UAMS Cancer Institute Names Wig Boutique in Memory of Northwest Arkansas Mom
Jo Ann Johnson (center) cuts a ribbon to signify the naming of the UAMS Cancer Institute's wig boutique in memory of her daughter, Kristen J. Madsen. Also participating were (left to right) Carla Emanuel; Cancer Institute Director Peter Emanuel, M.D.; husband Butch Johnson; grandson Aaron Whitt; and Catherine Tapp.
Kristen J. Madsen's family and friends participate in Seed of Hope token ceremony at the UAMS Cancer Institute.
Members of the Ovarian Cancer Northwest Arkansas Teen Council participated in a day-long experience learning about advances in ovarian cancer research and treatment.
Jan. 30, 2014 | It was a bittersweet celebration Jan. 27 when family and friends of Kristen J. Madsen gathered at the University of Arkansas for Medical Sciences (UAMS) to honor her memory.
A 39-year-old mother of two sons, Madsen died in 2009 of ovarian cancer. Since her death, Madsen’s family members have devoted their time to promoting ovarian cancer awareness and raising funds for research through the Wig Out to Defeat Ovarian Cancer event and the Ovarian Cancer Northwest Arkansas Teen Council.
Proceeds from the 2013 Wig Out event totaling almost $54,000 were donated to the UAMS Winthrop P. Rockefeller Cancer Institute to support gynecologic oncology research. In recognition of their donation, the institute unveiled the new name for its wig shop — the Kristen J. Madsen Wig Boutique — at the celebration. Located in the institute’s Patient Support Pavilion, the boutique offers a free wig and hats to each patient who has lost their hair due to cancer treatment.
“Kristen loved her hair, and after she lost it, she loved her wig,” said Jo Ann Johnson, Madsen’s mother. “She is smiling down on us today, knowing that this place is helping people get through their experience with cancer.”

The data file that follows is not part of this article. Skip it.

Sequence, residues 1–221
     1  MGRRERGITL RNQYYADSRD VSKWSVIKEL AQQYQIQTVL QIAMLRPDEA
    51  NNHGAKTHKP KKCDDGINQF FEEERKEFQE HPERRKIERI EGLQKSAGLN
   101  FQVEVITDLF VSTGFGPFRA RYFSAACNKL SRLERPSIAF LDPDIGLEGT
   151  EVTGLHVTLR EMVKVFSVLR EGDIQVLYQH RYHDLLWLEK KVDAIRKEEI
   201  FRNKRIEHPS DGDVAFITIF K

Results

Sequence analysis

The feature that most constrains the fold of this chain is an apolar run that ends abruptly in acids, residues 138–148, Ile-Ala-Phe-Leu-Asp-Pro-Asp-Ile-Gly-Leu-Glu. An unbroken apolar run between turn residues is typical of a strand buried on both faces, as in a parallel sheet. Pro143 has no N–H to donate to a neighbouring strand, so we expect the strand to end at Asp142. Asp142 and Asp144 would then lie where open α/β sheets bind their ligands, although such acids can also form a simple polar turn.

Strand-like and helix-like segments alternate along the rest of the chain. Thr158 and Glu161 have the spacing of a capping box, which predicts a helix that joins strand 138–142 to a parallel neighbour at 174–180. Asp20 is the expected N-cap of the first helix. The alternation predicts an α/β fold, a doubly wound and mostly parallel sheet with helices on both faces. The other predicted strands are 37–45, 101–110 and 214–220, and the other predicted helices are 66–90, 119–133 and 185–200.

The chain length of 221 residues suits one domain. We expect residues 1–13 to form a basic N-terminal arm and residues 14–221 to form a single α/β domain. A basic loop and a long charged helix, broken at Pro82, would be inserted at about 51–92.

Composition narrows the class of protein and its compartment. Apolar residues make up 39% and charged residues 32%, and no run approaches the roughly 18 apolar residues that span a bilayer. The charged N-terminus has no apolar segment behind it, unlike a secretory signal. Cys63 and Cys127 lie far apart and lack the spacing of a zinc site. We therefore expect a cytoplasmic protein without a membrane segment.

Family members joining Johnson at the ceremony were Madsen’s father, Butch Johnson; son Aaron Whitt; sister Lynli Williams; and nieces Anna and Emily Williams.
“The wig boutique was deliberately placed in the center of our Patient Support Pavilion because it plays such a pivotal role in the emotional healing process for our patients. We are honored today to name this space after Kristen,” said Cancer Institute Director Peter Emanuel, M.D.
Members of the teen council also attended the ceremony following a day-long experience at the Cancer Institute touring research labs, hearing from physicians and scientists, and learning about advances in ovarian cancer detection and treatment.
Dyanne Gaillard Sykes developed the idea for the council after being asked to serve on the Wig Out planning board and committee. The group of 11 high school sophomores, plus a college advisor, will assist with the upcoming Wig Out fundraiser, scheduled for April 12 at Highlands Oncology Group in Rogers.
The girls also host other fundraising events and educate members of their community about ovarian cancer. Deemed “the disease that whispers,” ovarian cancer’s symptoms can be subtle, resulting in many women being diagnosed with late-stage disease. Symptoms of ovarian cancer include bloating; pelvic or abdominal pain; difficulty eating or feeling full quickly; and changes related to the urgency and frequency of urination.